Honestly, the biggest draw of The Daniels’ Swiss Army Man was a chance to watch the mopey teen from Little Miss Sunshine riding the corpse of Harry Potter around like it was some sort of quidditch match on the sea. The film does indeed pay-off in this respect, but not much more than what we’ve all seen in the trailers.
The film opens with a near suicidal Hank, played by Paul Dano, stranded and lonely on a beach. Just as Hank is about to end it all, he sees a body, Daniel Radcliffe, wash-up on the shore. Hoping that he finally has someone to talk to, Hank rushes to the body only to find it is deceased. Filled with sorrow, Hank goes back to the work of doing himself in. However, the body seems to be moving. It is the gas from its bowels being released that is causing this movement. Hank hops on and starts riding the farty corpse like a jet ski until they crash and he wakes up on a new, but possibly more inhabited, beach.
Hank sets off through the forest to try to rejoin civilization, but feels he owes a debt to this corpse that finally freed him from the desert island. So, he lugs the still farting corpse with him, presumably to receive a proper burial. Seriously, the farting started out silly but quickly turns obnoxious.
As they move through the forest, Hank starts to find more uses for the surprisingly fresh corpse. At some point, it begins to talk, like a zombie at first then as a young child and as the film progresses it is reminiscent of a teen boy. We learn that the body had a name, Manny. Manny remembers very little from his life and nothing about social graces. I won’t spoil the surprises, but every roadblock nature sets in the way finds a new/weird/gross thing that Manny can do to help out. Hank acknowledges that he is either insane, or this is a miracle. However, if he can help Manny remember his past life maybe he can help them find their way home.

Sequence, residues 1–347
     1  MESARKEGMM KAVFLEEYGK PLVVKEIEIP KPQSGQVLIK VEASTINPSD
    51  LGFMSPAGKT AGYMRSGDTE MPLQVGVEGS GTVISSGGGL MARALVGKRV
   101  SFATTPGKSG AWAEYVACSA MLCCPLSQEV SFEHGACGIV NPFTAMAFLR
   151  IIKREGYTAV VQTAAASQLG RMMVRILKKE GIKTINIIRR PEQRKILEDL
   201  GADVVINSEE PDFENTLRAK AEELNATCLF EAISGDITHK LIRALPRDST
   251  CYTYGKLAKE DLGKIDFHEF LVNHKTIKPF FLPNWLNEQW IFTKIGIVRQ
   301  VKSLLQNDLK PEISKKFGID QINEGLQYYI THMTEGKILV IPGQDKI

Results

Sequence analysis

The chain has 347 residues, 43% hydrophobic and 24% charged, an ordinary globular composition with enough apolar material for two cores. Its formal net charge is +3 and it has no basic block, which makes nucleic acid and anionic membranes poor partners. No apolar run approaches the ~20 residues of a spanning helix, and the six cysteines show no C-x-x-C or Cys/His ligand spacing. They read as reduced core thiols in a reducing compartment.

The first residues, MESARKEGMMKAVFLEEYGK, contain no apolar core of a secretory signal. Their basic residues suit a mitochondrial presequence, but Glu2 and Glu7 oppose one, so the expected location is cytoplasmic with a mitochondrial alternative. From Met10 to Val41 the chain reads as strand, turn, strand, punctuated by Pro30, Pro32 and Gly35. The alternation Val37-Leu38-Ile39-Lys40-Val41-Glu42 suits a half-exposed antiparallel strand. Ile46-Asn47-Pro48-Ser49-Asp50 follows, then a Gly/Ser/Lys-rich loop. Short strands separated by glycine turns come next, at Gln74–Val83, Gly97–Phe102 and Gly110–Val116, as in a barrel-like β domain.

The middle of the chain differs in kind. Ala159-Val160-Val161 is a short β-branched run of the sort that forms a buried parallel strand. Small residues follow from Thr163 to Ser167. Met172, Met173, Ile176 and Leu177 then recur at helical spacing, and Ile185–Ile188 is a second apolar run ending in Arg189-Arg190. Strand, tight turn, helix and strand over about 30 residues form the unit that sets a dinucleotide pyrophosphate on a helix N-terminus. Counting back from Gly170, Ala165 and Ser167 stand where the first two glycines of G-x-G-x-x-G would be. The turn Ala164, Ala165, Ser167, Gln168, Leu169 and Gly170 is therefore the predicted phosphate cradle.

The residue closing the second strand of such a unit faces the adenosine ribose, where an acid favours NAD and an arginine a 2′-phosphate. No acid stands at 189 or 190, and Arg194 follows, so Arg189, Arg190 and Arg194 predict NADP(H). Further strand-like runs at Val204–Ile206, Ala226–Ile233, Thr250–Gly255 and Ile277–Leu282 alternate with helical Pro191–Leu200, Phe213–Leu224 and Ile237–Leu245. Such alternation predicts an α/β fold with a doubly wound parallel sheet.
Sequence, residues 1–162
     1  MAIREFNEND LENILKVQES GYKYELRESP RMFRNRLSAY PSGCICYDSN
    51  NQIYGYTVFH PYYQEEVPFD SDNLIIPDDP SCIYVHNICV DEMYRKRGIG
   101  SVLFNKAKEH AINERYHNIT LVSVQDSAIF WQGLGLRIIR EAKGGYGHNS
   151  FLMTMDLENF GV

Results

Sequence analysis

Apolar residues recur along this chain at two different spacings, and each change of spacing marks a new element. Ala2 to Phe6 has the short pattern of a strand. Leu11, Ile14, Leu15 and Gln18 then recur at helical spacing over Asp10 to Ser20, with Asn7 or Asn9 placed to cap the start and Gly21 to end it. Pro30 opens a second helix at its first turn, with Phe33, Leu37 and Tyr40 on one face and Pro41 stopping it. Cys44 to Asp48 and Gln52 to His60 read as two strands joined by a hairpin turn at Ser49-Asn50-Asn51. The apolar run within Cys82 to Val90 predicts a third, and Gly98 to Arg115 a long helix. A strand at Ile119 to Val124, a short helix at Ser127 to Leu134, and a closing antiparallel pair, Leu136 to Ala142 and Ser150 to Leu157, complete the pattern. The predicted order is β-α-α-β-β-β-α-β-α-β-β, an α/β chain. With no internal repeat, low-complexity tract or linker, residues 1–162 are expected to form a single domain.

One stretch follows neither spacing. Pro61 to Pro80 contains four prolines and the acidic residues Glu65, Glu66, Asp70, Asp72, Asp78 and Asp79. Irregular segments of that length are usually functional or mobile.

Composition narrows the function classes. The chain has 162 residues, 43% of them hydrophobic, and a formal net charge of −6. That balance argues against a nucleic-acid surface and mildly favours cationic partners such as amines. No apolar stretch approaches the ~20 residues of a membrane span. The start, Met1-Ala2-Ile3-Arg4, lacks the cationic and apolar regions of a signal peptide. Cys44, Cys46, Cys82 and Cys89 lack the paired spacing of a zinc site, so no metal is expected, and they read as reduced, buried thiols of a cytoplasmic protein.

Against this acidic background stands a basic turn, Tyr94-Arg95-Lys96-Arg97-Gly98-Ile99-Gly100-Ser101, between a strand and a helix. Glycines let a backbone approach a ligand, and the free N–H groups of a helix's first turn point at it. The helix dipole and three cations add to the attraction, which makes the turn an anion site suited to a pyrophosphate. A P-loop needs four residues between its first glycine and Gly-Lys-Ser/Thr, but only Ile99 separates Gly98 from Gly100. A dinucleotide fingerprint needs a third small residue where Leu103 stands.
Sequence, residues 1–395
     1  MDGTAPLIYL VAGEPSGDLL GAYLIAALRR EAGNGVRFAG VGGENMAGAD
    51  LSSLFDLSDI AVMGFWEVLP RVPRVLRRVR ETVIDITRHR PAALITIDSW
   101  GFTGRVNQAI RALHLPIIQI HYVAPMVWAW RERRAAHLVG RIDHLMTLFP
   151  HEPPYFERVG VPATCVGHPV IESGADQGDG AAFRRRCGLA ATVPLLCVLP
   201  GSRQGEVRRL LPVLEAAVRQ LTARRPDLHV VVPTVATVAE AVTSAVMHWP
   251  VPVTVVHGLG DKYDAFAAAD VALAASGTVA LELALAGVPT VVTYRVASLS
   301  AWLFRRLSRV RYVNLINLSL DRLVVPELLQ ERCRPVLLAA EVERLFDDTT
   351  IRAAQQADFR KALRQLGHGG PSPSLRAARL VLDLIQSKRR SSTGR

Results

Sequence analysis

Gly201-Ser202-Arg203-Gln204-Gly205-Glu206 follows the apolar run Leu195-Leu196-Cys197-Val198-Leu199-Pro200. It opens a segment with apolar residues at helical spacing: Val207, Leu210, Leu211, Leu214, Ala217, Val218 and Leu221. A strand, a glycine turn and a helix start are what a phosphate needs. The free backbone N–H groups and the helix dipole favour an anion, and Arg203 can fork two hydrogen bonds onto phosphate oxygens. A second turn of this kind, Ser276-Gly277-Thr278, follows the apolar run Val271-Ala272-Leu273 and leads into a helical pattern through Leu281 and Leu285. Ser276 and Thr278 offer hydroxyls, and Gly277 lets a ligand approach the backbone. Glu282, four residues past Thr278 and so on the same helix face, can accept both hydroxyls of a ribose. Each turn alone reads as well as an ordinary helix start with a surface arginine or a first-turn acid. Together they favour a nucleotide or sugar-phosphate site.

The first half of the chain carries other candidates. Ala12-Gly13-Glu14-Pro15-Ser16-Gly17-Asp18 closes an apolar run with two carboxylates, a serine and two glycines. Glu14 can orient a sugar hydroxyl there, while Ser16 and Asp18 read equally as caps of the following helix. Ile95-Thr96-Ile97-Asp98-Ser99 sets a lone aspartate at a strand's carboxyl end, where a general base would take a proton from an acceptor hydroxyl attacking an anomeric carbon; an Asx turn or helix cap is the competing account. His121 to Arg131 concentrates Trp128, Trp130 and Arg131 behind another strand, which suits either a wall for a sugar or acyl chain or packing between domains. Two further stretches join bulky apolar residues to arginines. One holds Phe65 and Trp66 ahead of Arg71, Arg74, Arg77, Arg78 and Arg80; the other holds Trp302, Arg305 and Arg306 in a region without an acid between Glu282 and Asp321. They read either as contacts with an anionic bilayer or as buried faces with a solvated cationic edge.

Hank starts acting out scenes of everyday life starring himself as a pretty girl alongside Manny. The stages and props are very impressive for being made out of the refuse left laying around the forest. They are somewhere between a Wes Anderson set and Gilligan’s Island. As these scenes get them closer to home, it also brings the friendship closer.
In the meantime, Manny starts to learn more about his body and shame. A major theme in the film is that we shouldn’t feel bad for the things our bodies do, we just don’t need to advertise them. Farting in front of strangers is rude, but feeling free enough to fart around a loved one shows a level of trust and understanding that you won’t be rejected for the human animal that you are. Manny’s farts actually go from obnoxious to endearing.
If it weren’t for a few scenes, Swiss Army Man would almost be suitable for children. Unfortunately, the nihilism is a bit too gritty, if not funny, for kids without a decent amount of discussion before and after. However, I hope that adults can take away the lesson of not hating yourself for what you are and pass it on to the future anyway.
In the end, you leave the film not quite knowing what was part of Hank’s psychosis and what was real. It leaves you on uncertain ground, but does not diminish the whole. I was genuinely smiling for a good portion of the film.